Capt. Chandler emerges as one of the key characters in the book. Instead of receiving any punishment, he was promoted to lieutenant colonel and ended his Korea tour as commander of the same 2nd Battalion that was involved in No Gun Ri. In 1960, on the occasion of the tenth anniversary of the Korean War, using his own money, Chandler publishes a book entitled "Of Garry Owen in Glory: The History of the 7th U.S. Cavalry." Interestingly, the 7th Cavalry was once commanded by Lt. Col. George A. Custer who is well known in American history as a tragic warrior who attacked the Sioux Indians at Little Bighorn in 1876. In December 1890, the same unit massacred some 370 Lakota men, women and children at Wounded Knee, South Dakota. No wonder the infamous history of the 7th Cav. repeated itself at No Gun Ri in Korea more than a half century later. Chandler devotes 93 pages to the regiment's history in Korea, but he never hints at the killing of South Korean civilians at No Gun Ri. Perhaps he wanted to hide the massacre from the unit's history permanently. In the end, Chandler succeeded in killing himself: alcoholism claimed him in 1970 at the age of 49.

The true dimension of the No Gun Ri massacre is as follows according to the new book: some 100 refugees were killed in the strafing by U.S. planes, some 300 were killed under the railroad trestles, about 200 escaped in the night, and two dozen survived the three-day ordeal. A Korean reporter wrote a news story about the massacre in the leftist paper Cho Sun In Min Bo on August 19, 1950. He said, "Shrubs and weeds in the area and a creek running through the tunnels were drenched in blood." This dreadful scene reminds one of the My Lai massacre in Vietnam. University of Chicago professor Bruce Cumings goes one step further: "This Korean War, I think, was a far dirtier war than the Vietnam War."

There are some mistakes in the spelling of Korean names in the book, but those can be forgiven. This book could have been more valuable if it contained footnotes for the various historical facts, but that would be too much to ask for a book intended for the general public. Fortunately, for those who want to read the full text of the various declassified military documents, the publisher maintains a webpage at http://www.henryholt.com/nogunri/documents.htm.

The unfinished chapter in the story is how the Korean victims of No Gun Ri will realize full justice. The Korean victims sent their first petition letter to the U.S. Embassy in 1960, asking for an investigation and compensation. After several denials of their claims, the National Council of Churches (United States) took up their cause and asked the Defense Department for an investigation into the No Gun Ri massacre. The Pentagon's response on March 22, 1999 was that it "found no information to substantiate the claim." When the Army released its investigation report in January 2001, President Clinton only offered his "regret" but no apology. Furthermore, he decided against any compensation for the victims. Thus, the Korean victims such as Chung Koo-Hak, Chun Choon-Ja, Park Hee-Sook, and Yang Hae-Sook are left with a bitter feeling toward America. Chung Eun-Yong, who lost a son in the massacre, summed up their feeling: "America has no justice or conscience."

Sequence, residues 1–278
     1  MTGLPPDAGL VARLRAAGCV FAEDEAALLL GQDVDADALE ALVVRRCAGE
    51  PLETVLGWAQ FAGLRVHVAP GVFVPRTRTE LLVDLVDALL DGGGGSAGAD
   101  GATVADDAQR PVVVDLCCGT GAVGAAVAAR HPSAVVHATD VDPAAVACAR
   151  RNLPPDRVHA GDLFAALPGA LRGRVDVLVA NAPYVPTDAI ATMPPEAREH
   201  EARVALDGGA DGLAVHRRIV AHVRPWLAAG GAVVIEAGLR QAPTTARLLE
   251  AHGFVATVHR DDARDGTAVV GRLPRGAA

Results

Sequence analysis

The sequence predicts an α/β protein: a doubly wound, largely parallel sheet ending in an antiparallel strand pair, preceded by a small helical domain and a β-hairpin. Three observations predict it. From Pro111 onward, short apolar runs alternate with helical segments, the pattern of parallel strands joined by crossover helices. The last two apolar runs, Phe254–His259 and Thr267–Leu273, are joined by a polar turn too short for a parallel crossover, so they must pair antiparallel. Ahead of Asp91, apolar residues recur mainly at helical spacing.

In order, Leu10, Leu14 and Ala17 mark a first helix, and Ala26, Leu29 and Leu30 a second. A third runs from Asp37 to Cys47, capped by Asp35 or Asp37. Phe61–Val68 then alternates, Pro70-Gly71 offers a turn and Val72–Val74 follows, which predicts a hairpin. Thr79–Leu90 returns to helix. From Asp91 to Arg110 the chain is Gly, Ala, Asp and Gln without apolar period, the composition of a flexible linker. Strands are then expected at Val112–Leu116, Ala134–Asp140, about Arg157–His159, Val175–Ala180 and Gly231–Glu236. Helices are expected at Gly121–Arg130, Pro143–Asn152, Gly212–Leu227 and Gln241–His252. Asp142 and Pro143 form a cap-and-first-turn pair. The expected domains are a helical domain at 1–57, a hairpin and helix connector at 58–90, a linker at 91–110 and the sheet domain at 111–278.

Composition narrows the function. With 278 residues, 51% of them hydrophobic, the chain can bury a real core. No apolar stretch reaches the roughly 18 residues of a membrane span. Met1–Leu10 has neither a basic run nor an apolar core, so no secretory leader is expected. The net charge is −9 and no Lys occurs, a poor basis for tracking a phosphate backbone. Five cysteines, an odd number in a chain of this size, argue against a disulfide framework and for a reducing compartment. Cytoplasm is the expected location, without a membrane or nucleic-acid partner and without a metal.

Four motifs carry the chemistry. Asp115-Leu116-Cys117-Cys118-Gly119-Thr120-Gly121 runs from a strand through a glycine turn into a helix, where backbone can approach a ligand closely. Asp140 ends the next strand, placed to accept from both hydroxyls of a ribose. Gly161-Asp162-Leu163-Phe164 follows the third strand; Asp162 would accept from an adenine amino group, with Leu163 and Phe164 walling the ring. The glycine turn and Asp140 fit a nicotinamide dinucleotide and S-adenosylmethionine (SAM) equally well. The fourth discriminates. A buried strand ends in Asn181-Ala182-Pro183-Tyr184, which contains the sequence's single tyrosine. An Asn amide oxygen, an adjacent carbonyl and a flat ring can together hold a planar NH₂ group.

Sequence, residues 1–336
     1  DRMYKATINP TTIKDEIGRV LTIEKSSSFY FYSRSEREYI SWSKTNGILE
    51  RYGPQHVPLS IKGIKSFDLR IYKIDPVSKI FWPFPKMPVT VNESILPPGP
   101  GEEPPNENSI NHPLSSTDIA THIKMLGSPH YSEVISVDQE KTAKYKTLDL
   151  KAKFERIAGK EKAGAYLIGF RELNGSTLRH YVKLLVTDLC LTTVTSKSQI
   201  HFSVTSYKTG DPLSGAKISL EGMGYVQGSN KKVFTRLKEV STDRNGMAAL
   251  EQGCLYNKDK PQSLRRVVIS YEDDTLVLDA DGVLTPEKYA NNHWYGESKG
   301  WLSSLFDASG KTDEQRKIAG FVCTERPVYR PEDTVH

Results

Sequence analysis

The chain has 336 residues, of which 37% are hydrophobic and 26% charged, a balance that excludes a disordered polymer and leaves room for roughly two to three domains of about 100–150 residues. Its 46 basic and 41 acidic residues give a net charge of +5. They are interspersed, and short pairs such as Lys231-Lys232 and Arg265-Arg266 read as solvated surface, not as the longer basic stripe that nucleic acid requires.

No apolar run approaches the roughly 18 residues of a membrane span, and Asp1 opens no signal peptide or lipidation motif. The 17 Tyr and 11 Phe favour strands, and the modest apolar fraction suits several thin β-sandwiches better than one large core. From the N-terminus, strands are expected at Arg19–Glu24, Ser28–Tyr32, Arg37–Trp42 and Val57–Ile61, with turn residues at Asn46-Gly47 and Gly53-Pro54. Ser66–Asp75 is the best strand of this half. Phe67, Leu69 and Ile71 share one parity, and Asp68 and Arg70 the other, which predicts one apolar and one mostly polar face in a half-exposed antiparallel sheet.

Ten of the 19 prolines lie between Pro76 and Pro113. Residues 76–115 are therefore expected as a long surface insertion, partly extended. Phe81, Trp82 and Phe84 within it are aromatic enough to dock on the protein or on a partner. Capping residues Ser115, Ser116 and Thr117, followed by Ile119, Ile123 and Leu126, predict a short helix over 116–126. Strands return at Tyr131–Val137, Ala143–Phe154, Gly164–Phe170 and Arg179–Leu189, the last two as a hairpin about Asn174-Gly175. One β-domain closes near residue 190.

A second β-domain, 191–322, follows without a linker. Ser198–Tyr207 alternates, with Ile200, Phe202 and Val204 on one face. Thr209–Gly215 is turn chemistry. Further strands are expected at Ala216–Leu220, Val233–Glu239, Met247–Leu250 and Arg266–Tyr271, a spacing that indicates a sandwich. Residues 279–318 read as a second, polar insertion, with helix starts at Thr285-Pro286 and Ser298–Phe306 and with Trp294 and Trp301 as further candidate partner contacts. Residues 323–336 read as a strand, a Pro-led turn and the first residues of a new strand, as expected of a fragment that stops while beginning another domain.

It is now up to the American people to raise their voice on behalf of the Korean victims of the cruel war which still continues in Korea today. True peace and reconciliation between Americans and Koreans will be impossible without a full understanding and accounting of the dark history of America's role in Korea. It is sad to note that the Pentagon is currently spending about $7 million in celebration and glorification of the American military role in the Korean War, in observance of the 50th anniversary of the Korean War. The best way to observe the anniversary for the American people would be, in fact, to read this painful but powerful story.

 

John Kim is a board member of Veterans For Peace and chairman of VFP's Korea Committee; he is also a member of the Clarence Fitch Chapter of VVAW. He served in the U.S. Army in South Korea.